Put your clothing in the water with the detergent and give them a gentle whirl around the sink. Use the fabric itself to scrub dirty garments by pressing it against itself. Apply more detergent specifically to the areas that are the dirtiest, and scrub those areas more thoroughly.
Step 4: Soak Your Clothes
After you have scrubbed the garments, hang them up to soak. If the water already seems to be contaminated, you may drain it and then replace the sink with clean water that has been soapy.
The majority of items of clothing should just need a five-minute soak. If the load is really dirty, let the clothing soak for up to half an hour.
Step 5: Rinse Out the Soap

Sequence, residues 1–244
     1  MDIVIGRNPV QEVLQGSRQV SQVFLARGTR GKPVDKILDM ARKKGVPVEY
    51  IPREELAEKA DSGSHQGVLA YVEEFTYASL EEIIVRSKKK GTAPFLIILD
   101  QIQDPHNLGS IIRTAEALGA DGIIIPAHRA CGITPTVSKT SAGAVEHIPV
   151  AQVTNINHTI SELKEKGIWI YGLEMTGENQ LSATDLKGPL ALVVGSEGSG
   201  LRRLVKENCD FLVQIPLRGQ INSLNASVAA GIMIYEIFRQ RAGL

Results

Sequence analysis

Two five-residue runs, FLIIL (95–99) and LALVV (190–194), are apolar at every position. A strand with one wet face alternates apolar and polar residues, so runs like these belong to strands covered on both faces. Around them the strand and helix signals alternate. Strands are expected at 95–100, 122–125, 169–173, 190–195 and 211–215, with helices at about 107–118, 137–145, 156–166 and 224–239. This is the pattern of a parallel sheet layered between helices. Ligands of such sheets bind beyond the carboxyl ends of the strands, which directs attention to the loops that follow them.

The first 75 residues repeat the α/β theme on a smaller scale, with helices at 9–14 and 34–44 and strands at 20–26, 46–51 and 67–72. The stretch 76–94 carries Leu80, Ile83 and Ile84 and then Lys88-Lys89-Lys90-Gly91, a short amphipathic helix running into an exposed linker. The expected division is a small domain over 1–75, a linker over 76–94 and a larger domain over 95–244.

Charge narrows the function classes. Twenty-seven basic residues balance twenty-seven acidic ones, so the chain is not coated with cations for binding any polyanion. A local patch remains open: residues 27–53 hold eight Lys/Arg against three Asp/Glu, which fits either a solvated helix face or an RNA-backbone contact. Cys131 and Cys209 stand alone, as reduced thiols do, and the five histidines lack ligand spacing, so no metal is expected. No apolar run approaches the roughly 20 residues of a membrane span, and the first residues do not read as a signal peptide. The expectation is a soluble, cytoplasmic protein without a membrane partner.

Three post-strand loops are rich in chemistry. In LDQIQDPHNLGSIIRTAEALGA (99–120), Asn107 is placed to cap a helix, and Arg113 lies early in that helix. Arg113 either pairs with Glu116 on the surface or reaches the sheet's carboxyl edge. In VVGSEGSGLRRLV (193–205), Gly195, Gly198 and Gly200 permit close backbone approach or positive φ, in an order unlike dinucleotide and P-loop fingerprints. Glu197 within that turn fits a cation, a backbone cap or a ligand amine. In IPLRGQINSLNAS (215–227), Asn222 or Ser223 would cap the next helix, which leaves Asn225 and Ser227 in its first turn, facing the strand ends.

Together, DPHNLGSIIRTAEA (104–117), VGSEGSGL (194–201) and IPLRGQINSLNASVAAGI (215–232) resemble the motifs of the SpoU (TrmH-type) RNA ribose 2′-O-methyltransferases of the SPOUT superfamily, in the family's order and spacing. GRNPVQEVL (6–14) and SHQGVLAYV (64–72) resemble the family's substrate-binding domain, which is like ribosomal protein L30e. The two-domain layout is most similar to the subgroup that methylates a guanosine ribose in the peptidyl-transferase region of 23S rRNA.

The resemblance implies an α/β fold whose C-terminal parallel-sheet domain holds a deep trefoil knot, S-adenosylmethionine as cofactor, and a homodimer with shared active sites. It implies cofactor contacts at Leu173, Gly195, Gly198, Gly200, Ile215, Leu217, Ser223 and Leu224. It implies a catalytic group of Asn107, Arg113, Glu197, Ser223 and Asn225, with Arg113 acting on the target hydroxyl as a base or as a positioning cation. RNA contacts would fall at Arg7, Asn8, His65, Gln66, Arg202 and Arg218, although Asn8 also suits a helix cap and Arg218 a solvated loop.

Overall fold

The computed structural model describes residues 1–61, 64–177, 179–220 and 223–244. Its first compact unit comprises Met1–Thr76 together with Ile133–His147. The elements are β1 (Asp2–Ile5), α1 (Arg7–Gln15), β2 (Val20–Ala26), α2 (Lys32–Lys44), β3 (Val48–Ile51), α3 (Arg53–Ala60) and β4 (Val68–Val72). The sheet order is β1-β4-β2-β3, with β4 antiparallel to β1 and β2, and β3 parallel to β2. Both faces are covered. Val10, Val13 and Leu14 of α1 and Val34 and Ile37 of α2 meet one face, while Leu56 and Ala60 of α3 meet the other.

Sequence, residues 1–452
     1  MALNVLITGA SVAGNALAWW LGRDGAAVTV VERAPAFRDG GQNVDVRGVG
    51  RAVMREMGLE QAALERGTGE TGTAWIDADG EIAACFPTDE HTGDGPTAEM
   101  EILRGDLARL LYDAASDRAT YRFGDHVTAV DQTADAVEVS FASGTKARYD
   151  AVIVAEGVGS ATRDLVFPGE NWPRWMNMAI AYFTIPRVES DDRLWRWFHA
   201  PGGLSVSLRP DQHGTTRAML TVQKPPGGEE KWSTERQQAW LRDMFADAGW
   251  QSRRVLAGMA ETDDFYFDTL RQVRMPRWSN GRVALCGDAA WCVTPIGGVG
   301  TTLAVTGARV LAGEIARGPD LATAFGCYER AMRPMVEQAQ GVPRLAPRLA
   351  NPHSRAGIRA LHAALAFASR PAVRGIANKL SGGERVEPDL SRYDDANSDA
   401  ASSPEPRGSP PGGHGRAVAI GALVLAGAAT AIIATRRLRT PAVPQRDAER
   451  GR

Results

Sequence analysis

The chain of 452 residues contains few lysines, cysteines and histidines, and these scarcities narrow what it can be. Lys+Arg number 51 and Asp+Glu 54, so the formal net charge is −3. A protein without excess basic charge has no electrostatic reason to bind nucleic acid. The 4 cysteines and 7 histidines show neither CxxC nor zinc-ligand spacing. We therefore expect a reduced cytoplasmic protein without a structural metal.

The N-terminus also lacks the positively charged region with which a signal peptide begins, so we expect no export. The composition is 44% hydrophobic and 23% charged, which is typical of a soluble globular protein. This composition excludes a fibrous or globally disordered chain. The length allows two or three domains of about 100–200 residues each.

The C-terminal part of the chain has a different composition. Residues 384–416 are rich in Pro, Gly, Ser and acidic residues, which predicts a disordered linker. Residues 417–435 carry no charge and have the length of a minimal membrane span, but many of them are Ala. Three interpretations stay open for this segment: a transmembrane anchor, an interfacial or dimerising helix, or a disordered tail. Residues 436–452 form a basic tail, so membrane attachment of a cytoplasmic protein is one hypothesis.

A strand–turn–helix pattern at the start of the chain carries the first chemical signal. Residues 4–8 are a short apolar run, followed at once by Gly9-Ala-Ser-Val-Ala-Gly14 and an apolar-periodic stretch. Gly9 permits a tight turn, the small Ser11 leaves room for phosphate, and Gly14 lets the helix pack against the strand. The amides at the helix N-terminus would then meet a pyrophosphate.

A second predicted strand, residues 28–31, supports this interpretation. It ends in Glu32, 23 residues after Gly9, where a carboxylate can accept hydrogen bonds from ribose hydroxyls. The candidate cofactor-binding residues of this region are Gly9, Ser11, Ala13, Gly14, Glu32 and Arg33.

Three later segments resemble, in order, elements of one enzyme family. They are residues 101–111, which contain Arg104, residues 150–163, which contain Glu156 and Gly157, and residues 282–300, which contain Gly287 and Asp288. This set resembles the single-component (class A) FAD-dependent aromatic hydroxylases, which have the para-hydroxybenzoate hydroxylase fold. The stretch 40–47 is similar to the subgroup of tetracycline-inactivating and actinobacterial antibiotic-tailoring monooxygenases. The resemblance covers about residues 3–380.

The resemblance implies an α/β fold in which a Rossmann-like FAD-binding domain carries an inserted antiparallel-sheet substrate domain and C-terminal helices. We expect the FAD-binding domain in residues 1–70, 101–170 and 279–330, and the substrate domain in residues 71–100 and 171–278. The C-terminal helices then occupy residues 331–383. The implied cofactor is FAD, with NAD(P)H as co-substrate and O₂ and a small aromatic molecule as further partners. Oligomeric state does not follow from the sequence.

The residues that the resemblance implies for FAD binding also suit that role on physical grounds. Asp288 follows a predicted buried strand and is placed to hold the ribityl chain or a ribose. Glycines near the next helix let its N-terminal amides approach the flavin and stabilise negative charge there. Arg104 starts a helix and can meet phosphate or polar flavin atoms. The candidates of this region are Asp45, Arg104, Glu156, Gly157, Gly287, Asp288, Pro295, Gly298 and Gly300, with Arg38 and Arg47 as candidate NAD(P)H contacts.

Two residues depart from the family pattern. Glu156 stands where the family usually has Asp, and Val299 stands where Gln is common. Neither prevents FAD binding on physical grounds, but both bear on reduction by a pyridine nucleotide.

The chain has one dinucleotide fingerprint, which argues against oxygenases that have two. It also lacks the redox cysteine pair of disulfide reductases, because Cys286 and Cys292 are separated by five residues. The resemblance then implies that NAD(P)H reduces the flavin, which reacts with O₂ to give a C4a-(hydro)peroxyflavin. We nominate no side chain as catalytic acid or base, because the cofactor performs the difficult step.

Empty the sink of the water that contains the soap. To eliminate any residual detergent, rinse the garments immediately under the running water from the faucet. You will know that the item has been fully washed when the water runs clear rather than murky and there are no soapy bubbles present.
How to Dry Hand-Washed Clothes
After you have given your garments a brief washing, you may perform some quick preparation work to assist them in drying more quickly.
Extract the maximum amount of water from each object that you can. However, you should not leave your garments tangled up in twists and knots. You should reshape your garments so that they will dry more quickly, preserve their form longer, and wrinkle less severely. If you expose more of the surface area of your garments to the air, this will help them dry more quickly.
You may speed up the drying process even more for materials that dry more slowly, such as cotton or wool, by doing the following: